Leaving home--and finding a new one
We have just left home and moved to another house, but not another home.
It takes more than four walls and a roof to make a house a home.
We lived in the home we just left (five days ago) for 24 years, 10 months, 4 days and 18 hours. The movers completed hauling the furniture at 6 p.m. and the clock on the wall of that home stopped running at 6:30. It's little battery died of a broken heart. But we're not leaving the clock behind. We've brought it along (haven't found it yet) and will give it a new battery and start all over.
Without getting sentimental about it, we're going to miss that home. Why? We built it ourselves. Eartha designed the floor plan and it was a good one. It felt warm, comfortable, familiar, happy and ours. It wasn't a place, it was a feeling. Our hearts were there. It was a comfort food feeling, an old wool sweater feeling. In short, it was a gathering place for family and friends — a place of love.
When the sun came up in the morning and beamed through our southeastern windows, the shadows on the wall showed all sorts of strange forms, including the spokes of our stairway. I miss those shadows.
We moved about 10 blocks to this house after we wore out our other one raising our three children from first grade through college, and through courtship and one of three marriages. That was really a tough home to leave — for us and for the home − which actually spoke to me as we were leaving.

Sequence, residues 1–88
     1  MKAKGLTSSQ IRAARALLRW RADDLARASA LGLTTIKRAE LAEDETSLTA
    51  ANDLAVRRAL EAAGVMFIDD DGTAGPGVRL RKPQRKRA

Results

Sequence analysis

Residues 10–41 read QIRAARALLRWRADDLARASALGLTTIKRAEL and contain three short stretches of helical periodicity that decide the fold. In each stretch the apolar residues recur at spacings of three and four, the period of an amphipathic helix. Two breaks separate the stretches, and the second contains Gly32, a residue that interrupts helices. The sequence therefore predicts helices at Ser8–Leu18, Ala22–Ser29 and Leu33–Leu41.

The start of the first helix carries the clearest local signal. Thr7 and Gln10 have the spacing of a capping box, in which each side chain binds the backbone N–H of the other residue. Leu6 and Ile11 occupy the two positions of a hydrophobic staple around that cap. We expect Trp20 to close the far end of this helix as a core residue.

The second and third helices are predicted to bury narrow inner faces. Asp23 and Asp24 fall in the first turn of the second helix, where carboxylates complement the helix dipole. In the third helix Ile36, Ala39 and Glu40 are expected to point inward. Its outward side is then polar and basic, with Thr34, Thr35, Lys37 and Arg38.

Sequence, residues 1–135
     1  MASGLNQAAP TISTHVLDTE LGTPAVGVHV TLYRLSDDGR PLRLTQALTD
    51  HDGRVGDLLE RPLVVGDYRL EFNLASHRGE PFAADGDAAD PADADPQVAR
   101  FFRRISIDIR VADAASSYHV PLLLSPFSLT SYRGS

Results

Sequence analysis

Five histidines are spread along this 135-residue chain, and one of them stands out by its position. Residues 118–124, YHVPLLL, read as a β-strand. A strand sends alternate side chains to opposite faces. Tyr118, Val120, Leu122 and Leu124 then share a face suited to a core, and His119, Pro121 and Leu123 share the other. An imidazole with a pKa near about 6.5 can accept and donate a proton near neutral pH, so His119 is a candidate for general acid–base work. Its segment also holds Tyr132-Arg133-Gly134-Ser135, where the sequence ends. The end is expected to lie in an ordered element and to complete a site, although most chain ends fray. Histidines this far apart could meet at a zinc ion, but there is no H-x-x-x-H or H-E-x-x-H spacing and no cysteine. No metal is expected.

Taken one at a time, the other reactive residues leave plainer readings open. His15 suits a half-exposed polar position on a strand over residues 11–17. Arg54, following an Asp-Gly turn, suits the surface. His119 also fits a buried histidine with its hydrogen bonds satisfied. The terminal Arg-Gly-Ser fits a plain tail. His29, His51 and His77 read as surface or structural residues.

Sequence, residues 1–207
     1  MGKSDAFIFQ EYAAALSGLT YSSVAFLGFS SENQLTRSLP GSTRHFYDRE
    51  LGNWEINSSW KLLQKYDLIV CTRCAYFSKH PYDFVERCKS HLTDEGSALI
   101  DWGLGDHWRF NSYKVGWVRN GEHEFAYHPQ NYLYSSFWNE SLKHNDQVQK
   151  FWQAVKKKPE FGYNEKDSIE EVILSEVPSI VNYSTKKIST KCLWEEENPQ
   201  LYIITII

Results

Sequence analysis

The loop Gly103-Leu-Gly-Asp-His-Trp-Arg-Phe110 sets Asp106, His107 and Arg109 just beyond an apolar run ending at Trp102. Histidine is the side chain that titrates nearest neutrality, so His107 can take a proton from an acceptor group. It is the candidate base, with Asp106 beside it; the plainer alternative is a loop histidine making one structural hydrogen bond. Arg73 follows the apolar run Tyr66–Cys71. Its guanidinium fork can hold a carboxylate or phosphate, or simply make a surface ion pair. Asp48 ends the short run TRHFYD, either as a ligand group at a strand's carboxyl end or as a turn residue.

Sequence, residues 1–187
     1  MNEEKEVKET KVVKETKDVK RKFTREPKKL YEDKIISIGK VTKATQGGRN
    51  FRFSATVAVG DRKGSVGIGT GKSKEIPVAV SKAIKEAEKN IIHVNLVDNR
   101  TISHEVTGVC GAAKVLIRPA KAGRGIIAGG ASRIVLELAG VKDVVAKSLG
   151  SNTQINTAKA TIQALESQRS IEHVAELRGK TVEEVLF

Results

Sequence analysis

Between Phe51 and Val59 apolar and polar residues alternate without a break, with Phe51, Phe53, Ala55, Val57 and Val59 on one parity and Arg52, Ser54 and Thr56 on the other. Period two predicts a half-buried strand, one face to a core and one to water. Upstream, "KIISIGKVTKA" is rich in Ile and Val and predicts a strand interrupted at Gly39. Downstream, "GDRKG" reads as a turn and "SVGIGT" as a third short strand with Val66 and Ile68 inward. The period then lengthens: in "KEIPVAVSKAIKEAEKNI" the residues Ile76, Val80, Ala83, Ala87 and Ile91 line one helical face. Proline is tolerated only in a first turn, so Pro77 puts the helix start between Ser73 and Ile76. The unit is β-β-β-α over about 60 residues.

That conversation was fully reported in The Day The World Ran Out Of Denim. When we moved, we brought all the children's pictures along and started a new collection of wedding pictures and grandchildren pictures. The grandchildren loved the place. They found secret hiding places, places for dolls, places for construction sets, places to read and places for TV. But none of them knew we might move and when we suddenly announced we were going, our 13-year-old sniffled sadly, "they could have given us some warning." So, we'll bring their pictures along with the dead-battery clock and start over again.
But happiness doesn't have just one address. Our new place is much smaller. I reported to you a few weeks ago that we were downsizing. We had a painful garage sale and then threw away or gave away all remaining unnecessary items. Then we had movers haul our furniture to our next stop. Now we're in our new location just four miles away and we have dishes, pictures, boxes, piles of stacks of books all over the place. The two-car garage is full and it has no room for cars. After our first night here, the question was "where's the toaster?"
We moved in at the height of our autumnal splendor — peak colors and good weather. Our new neighbors seem friendly and welcoming. Our experience isn't unique or even unusual. People are downsizing and moving all the time. Many right now. We're all sympathetic with one another. At this point we're optimistic that this new (actually 19 years old) house will be a true home before long.
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